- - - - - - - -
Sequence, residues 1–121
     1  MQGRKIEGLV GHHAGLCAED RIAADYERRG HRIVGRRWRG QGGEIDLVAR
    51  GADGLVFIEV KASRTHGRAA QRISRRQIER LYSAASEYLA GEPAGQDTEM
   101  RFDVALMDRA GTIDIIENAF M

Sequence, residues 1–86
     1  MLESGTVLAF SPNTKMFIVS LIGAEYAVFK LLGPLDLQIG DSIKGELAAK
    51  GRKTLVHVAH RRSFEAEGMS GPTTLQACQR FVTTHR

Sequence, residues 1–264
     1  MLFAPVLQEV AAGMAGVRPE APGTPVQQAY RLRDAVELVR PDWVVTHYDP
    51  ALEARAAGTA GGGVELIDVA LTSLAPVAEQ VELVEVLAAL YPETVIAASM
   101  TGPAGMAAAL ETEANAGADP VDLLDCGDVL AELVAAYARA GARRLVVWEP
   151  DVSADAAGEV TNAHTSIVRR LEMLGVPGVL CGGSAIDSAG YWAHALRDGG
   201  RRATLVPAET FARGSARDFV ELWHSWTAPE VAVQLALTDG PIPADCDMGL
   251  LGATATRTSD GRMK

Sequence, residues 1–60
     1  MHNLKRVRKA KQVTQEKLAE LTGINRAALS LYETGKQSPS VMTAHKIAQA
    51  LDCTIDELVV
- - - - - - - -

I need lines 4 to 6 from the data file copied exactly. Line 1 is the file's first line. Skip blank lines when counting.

   101  RFDVALMDRA GTIDIIENAF M

Sequence, residues 1–86
     1  MLESGTVLAF SPNTKMFIVS LIGAEYAVFK LLGPLDLQIG DSIKGELAAK